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Biosurveillance for precision disease management of Pseudoperonospora cubensis, the cucurbit downy mildew pathogen

Alamgir Rahman: NCSU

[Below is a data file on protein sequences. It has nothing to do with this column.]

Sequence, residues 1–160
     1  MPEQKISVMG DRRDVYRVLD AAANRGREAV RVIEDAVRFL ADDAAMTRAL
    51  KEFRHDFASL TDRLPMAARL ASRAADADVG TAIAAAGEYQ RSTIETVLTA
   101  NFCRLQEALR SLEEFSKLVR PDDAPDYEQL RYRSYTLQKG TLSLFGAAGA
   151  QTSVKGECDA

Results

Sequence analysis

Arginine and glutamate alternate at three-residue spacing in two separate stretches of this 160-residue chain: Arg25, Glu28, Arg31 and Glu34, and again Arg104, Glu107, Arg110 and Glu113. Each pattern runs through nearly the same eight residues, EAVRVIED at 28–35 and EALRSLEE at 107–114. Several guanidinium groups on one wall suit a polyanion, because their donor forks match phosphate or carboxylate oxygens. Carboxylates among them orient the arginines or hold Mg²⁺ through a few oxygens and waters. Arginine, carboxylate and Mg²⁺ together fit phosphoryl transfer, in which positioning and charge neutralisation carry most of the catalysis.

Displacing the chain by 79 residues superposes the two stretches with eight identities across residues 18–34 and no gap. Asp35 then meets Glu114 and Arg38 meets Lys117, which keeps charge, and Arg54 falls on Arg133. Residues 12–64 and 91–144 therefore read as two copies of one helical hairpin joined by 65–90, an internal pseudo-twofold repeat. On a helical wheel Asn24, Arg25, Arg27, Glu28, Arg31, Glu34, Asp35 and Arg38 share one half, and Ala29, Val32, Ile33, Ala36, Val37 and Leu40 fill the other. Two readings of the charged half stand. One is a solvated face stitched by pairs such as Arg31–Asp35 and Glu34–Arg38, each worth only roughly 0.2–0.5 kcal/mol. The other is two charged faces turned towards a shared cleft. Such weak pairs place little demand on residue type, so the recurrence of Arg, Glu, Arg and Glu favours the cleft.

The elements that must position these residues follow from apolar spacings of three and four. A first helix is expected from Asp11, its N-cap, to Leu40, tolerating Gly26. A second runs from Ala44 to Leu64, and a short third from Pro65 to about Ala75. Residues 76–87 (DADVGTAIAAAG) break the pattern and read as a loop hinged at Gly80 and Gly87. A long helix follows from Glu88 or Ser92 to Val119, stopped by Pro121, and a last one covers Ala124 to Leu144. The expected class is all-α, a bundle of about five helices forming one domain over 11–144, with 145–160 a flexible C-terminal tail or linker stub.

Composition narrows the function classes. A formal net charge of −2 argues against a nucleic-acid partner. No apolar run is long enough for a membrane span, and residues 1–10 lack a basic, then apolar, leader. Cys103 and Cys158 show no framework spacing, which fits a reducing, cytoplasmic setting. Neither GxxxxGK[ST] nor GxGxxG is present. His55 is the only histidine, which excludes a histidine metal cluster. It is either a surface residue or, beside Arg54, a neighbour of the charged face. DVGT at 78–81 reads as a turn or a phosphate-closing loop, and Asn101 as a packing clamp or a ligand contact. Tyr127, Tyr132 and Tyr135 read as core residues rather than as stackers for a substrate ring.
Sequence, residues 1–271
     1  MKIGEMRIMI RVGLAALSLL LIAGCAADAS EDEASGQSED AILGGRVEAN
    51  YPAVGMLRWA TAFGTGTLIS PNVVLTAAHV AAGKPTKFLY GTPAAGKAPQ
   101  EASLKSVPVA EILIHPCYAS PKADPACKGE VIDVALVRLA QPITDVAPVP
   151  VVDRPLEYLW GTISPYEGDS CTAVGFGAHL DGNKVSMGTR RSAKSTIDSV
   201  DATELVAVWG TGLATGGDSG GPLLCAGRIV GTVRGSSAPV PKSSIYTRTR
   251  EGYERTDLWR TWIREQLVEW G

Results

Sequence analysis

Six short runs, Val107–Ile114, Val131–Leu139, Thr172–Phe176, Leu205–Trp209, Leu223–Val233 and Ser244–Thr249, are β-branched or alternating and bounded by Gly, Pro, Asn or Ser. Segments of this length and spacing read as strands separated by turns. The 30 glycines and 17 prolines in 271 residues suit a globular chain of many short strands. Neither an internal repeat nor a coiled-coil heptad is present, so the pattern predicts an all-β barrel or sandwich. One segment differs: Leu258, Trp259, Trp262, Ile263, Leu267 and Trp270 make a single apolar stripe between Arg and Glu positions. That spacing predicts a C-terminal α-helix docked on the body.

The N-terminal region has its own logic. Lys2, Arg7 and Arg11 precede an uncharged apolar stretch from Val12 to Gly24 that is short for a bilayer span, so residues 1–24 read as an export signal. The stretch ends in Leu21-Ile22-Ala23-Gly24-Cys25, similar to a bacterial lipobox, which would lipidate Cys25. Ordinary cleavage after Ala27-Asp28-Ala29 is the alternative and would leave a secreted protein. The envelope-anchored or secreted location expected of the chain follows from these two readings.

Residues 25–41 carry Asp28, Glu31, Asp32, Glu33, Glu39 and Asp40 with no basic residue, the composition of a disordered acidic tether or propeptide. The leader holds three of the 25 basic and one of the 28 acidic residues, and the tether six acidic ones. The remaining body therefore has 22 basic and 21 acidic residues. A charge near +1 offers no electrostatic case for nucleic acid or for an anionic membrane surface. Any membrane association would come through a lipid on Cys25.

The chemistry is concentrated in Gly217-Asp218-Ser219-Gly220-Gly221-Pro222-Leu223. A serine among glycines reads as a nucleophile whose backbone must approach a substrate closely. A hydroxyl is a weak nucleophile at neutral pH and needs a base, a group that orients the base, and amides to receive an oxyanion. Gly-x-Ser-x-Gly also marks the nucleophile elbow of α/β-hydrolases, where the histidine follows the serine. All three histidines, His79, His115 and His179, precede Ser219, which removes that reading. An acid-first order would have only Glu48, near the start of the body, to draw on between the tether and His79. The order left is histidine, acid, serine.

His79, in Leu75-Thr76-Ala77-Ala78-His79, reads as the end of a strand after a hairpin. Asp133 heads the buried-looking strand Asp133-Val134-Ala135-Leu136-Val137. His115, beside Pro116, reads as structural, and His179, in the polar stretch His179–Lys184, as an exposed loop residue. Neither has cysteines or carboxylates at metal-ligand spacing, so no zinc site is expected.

<div><em>Pseudoperonospora cubensis</em>, an obligate oomycete pathogen, causes cucurbit downy mildew (CDM) on a broad range of host plants including cucumber, cantaloupe, watermelon, pumpkin, and squash. In 2004, CDM re-emerged in the United States (US) by overcoming host resistance in cucumber and fungicides used for disease control in other cucurbits. Airborne sporangia of <em>P. cubensis,</em> the most important source of inoculum, can survive in no frost areas and travel long distances infecting cucurbits along the eastern US throughout the growing season. Using Next Generation Sequencing (NGS) and bioinformatics, species-specific and host-preference diagnostic markers were identified in the nuclear genome and developed into qPCR assays. Assays were tested for specificity and sensitivity using spore trap sampling rods, and a threshold detection level of <em>P. cubensis</em> sporangia and sporangia-DNA was determined to be 10 spores and 10 pg/μl, respectively. Assays for detection of fungicide resistance are also being developed. Pathogen trap plots and roto-rod spore traps were deployed at two Research Stations in North Carolina for field validation. Our findings will significantly improve <em>P. cubensis</em> biosurveillance efforts and decision tools for growers by monitoring inoculum levels, cucurbit crops at risk of infection, and fungicide resistance occurrence throughout the growing season.</div>